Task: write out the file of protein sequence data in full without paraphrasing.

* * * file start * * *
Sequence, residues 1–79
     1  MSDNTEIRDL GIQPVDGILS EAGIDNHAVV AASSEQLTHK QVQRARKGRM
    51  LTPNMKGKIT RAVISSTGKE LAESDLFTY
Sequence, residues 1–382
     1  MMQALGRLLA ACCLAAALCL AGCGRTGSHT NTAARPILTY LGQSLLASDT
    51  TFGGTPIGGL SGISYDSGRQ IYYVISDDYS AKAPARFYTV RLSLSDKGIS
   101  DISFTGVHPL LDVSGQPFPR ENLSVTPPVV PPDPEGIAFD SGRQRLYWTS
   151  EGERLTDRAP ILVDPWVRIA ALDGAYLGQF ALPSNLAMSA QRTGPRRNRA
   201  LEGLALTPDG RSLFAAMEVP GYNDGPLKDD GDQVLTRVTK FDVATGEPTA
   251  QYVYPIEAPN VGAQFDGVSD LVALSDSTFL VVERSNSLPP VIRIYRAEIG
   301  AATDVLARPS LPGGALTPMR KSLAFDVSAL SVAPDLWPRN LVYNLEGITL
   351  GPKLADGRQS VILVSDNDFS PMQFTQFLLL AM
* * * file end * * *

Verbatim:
Sequence, residues 1–79
     1  MSDNTEIRDL GIQPVDGILS EAGIDNHAVV AASSEQLTHK QVQRARKGRM
    51  LTPNMKGKIT RAVISSTGKE LAESDLFTY
Sequence, residues 1–382
     1  MMQALGRLLA ACCLAAALCL AGCGRTGSHT NTAARPILTY LGQSLLASDT
    51  TFGGTPIGGL SGISYDSGRQ IYYVISDDYS AKAPARFYTV RLSLSDKGIS
   101  DISFTGVHPL LDVSGQPFPR ENLSVTPPVV PPDPEGIAFD SGRQRLYWTS
   151  EGERLTDRAP ILVDPWVRIA ALDGAYLGQF ALPSNLAMSA QRTGPRRNRA
   201  LEGLALTPDG RSLFAAMEVP GYNDGPLKDD GDQVLTRVTK FDVATGEPTA
   251  QYVYPIEAPN VGAQFDGVSD LVALSDSTFL VVERSNSLPP VIRIYRAEIG
   301  AATDVLARPS LPGGALTPMR KSLAFDVSAL SVAPDLWPRN LVYNLEGITL
   351  GPKLADGRQS VILVSDNDFS PMQFTQFLLL AM